Cheddar Cheese and Paprika Sourdough

A friend clued me into a new sourdough method that promised to be pretty low effort but still resulted with great bread. I decided to give the method a try with a loaf using some sharp cheddar cheese and paprika.


Using the lazy sourdough method is actually quite simple. The real key to this method is that you can use your unfed starter straight from the fridge without the need to make a levain. There’s also no autolyse which saves about 30 minutes.

Rough schedule:

  • 8 hour bulk fermentation w/ 4x folds at 30 minute intervals
  • 17 hour proof in the fridge

The exact schedule I used is at the bottom of this post.



  • 450g bread flour
  • 50g dark rye flour
  • 375g filtered water @ 90’F
  • 100g unfed starter straight from fridge (100% hydration)
  • 11g sea salt
  • 100g sharp cheddar cheese, 1/4″ cubes
  • 2 tsp paprika
All ingredients ready to mix


After mixing the dough, I performed 4 stretch and folds within the first 2 hours. I let the dough bulk ferment at room temperature for a total of 8 hours.

Once the dough had doubled, I shaped the loaf and put it in a banneton that I liberally dusted with rice flour. I put the banneton in a vegetable bag and then placed it in the fridge for a 17 hour cold proof.

One hour before baking I started preheating the oven, with a dutch oven inside, to 450’F. When it was time to bake, I took the loaf straight from the fridge and placed it in the preheated dutch oven, gave it a quick score and then put it in the oven.

I baked the loaf at 450’F for 20 minutes covered, then removed the lid of the dutch oven and baked for an additional 32 minutes.

Cheddar and Paprika loaf after 8 hour bulk fermentation
Cheddar and paprika loaf after 17 hour cold proof in fridge


I was a little skeptical of how this would turn out since this method takes a lot of shortcuts, but the long bulk fermentation and even longer cold proof seemed to work extremely well. I really like cold proofing and this method is going to make me do it even more. Cold proofed dough is so much easier to score, plus your time table is a lot more flexible since it doesn’t go from under to over proofed in a span of 10 minutes.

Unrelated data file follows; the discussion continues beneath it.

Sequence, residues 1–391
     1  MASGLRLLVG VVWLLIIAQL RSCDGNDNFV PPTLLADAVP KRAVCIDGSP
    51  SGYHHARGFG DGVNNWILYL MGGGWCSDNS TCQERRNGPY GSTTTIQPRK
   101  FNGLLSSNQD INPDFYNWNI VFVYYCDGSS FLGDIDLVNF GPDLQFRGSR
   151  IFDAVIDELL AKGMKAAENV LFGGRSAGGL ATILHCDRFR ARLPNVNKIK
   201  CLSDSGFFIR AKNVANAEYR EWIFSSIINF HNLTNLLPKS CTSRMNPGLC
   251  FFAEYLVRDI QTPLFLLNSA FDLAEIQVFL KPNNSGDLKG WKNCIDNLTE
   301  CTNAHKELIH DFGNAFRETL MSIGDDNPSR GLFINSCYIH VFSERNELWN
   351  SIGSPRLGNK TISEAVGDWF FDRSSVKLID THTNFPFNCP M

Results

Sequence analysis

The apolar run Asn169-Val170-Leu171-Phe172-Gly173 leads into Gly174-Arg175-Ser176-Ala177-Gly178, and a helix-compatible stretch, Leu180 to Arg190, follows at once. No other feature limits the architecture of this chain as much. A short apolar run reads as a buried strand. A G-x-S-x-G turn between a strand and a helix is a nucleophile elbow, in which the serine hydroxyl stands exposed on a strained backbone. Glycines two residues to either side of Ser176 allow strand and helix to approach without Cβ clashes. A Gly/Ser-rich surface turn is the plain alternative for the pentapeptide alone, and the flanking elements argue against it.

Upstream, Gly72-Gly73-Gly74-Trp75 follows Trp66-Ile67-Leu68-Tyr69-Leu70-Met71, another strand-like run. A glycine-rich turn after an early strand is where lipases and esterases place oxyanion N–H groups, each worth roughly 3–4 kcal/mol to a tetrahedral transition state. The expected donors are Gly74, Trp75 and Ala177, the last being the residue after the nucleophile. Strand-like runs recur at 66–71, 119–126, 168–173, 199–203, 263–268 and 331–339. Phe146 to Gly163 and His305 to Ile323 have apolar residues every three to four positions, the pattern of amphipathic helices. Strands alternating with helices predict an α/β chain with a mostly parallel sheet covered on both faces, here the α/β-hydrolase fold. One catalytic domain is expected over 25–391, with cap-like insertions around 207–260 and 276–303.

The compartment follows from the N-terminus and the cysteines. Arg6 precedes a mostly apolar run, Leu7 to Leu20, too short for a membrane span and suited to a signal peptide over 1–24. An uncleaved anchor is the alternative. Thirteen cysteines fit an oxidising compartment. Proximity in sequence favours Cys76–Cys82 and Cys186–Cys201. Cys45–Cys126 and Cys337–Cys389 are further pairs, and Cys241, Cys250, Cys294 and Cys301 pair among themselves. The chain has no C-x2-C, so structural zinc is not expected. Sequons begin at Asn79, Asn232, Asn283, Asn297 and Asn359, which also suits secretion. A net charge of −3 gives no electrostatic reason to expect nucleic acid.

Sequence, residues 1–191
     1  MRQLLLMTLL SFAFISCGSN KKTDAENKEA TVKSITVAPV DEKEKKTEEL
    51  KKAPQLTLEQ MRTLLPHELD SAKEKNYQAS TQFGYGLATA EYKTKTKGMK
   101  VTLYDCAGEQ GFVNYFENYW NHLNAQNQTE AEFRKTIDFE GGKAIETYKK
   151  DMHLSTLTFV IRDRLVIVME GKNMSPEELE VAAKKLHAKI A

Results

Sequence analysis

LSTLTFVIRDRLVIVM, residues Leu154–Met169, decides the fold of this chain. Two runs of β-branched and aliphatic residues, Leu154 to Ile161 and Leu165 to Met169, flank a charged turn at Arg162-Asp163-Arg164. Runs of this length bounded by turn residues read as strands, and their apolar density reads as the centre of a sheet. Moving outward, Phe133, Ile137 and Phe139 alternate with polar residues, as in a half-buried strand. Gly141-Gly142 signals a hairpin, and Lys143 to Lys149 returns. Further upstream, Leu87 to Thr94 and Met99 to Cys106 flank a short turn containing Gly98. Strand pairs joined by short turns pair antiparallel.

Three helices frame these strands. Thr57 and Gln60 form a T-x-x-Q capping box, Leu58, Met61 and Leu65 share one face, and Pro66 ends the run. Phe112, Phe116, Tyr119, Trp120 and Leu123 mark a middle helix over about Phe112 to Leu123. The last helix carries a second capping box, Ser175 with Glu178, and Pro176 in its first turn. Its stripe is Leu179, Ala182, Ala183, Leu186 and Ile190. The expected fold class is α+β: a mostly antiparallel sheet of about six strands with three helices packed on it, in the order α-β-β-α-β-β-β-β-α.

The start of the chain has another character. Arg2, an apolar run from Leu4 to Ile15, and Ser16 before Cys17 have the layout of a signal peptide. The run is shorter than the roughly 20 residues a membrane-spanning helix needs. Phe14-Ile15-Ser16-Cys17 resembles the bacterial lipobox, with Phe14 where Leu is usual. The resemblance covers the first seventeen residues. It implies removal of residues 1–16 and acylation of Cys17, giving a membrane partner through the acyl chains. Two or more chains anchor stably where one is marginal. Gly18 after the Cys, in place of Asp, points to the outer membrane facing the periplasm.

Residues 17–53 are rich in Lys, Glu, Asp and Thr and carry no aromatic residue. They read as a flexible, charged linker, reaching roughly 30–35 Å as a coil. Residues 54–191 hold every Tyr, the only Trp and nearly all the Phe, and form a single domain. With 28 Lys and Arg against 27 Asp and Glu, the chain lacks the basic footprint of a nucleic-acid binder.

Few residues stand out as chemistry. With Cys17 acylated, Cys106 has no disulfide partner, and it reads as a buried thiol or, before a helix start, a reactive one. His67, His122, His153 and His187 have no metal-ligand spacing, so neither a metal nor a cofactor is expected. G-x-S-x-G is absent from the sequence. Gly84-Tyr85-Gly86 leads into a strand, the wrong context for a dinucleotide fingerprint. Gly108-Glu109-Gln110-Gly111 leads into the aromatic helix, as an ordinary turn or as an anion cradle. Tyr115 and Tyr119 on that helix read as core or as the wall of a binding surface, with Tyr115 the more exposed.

The paprika gives this loaf an awesome caramel color and the cheddar cheese melting out of the loaf makes this look almost like a weird round volcano.

I feel like I nailed the amount of paprika and cheddar for my tastes. If you are doing this for the first time, I’d recommend using 1-1.5 tsp of paprika instead of 2 tsp.

100g of cheddar is a great amount to get a little bit in every bite. The cheese melted nicely throughout the loaf. The crumb is a little more open than I like, but I feel like part of that might have been that I under-scored the loaf slightly.

The flavor is amazing. It’s super savory and full of flavor. I had a couple slices to soak up some green chile stew for dinner and I think I found my new go-to soup bread.

Close-up of the cheesy goodness
Nice orange hue to the crumb thanks to the paprika and cheddar

My Baking Notes

  • Ambient Temperature @ mixing: 75’F
  • Mixed @ 1:00pm on April 5th
  • Dough was 78’F at mixing
  • 4 stretch and folds in first 2 hours
  • Started proof @ 9:00pm on April 5th (8 hour bulk fermentation at room temp)
  • Preheated oven @ 1:00pm on April 6th (17 hour cold proof)
  • Into oven @ 2:00pm

6 Comments Add yours

  1. Dan Ayo says:

    This is a very interesting bread. Your write up is descriptive and helpful. Thanks for taking the time to share.

    If I can get the ingredients, I may have to give this one a try.

    Did the rye produce a noticeable flavor?


    1. alegrebread says:

      It definitely wasn’t noticeable in this loaf. I’ve been adding some other flours to my bread lately to help stretch my bread flour. It’s getting really hard to find bread flour on the shelves in these strange times.


  2. Janice Vernal says:

    Love all of your recipes. Especially blue corn and the cheddar paprika. I started the cheddar one yesterday and as always it was very sticky during the stretch and pull process but after the 8 hour rise everything is usually fine but yesterday after the 8 hour rise it was still very sticky. Didn’t rise very much in the frig, did rise a little in the oven. Any suggestions? I’m at 7600 elevation. Still tastes good 😊


    1. That’s strange. During your room temperature rise, did it double or was it still pretty flat? I wonder if your sourdough starter wasn’t as active as it should have been. I’ve had the lack of rise issue happen to me before but it usually has to do with me using a high percentage of some other flour, like rye or buckwheat.


      1. Janice Vernal says:

        Yes it did double, but still very very sticky.


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